8:07 am
killing. also interesting because he was pressed as you heard there, kate, on why a president who is repeatedly dismissed intelligence, say for instance on russian interference in the 2016 election, would also going back a couple of years on the fact that iran was complying with the nuclear deal, that's what u.s. intelligence showed, the president denied that in public, why when in the past he ignored to dismiss the intelligence and in this case he listened. and secretary pompeo said in this case, the intelligence community got it right. little bit convenient, perhaps. the final thing i would take note of, there has been this back and forth as to whether iranians intended to target u.s. forces with their missile retaliation. he says in his view they had the full intent to kill u.s. forces there. is that the definitive answer from the administration, i don't know. there is some contradiction. the secretary of state saying that's the iranians intent. >> to the briefing room, kaitlan collins was there asking
8:08 am
questions. kaitlan, what did you think? >> reporter: well, there is still a lot of questions about exactly this attack on the u.s. embassy. and explicitly whether or not how imminent these attacks were that you heard then, the threats that the administration has been talking about. and the reason that these were the main questions here in the briefing room today had a lot to do with what the secretary of state said last night during an interview on fox news, he said he couldn't say precisely when or where these attacks were going to happen. so i asked him to define his definition of the word imminent since that's the word that secretary pompeo primarily has been using. you heard it sound from the president, some from the vice president as well, but not as much from the department of defense, mainly from the secretary of state and he said simply just that this was going to happen. of course, the question is whether or not that's going to satisfy lawmakers who say they have not gotten enough information about how imminent the threat was. the reason that plays a factor, they argue this has been a threat coming from this top iranian commander, so they want to know why this administration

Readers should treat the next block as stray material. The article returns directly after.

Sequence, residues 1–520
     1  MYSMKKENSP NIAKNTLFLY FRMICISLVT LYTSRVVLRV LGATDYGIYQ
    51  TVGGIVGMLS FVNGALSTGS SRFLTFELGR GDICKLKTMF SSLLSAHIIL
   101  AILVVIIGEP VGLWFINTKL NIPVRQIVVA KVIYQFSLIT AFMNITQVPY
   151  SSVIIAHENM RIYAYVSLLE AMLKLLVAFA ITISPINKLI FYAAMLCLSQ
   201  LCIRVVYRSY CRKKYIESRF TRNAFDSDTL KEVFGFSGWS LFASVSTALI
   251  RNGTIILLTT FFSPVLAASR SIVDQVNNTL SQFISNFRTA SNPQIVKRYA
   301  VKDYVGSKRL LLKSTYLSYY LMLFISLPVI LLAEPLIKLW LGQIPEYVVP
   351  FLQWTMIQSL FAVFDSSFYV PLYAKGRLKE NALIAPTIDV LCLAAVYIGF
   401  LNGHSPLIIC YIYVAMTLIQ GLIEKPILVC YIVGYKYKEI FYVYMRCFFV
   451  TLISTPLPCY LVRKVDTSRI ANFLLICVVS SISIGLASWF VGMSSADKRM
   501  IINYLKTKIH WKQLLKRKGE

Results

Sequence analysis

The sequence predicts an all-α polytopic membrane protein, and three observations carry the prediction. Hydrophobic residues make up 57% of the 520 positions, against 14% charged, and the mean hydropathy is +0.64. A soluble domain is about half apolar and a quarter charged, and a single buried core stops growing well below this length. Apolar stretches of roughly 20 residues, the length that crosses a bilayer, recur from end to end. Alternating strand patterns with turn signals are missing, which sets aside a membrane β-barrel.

8:09 am
made this decision now and, of course what the long-term effects of that are going to be. now, of course, they walked in here at the beginning, announced the new safrnnctions, he's goino focus with an economic response and they are talking about these eight iranian senior officials. they said they're going to sanction. we're still waiting to see what the details of that are going to be when we get the text from treasury, something we have not gotten yet. haven't checked my inbox in the last few minutes. and the overarching question, what is going to remain are the questions about u.s. intelligence here. that is what you heard from lawmakers, even some lawmakersa administration, we have seen shifting explanations for whether or not they were trying to hit u.s. troops during those attacks, whether or not there was a bomb plot attack on the u.s. embassy, or any u.s. embassies plural and whether or not this attack was imminent or not. those are been the big
8:10 am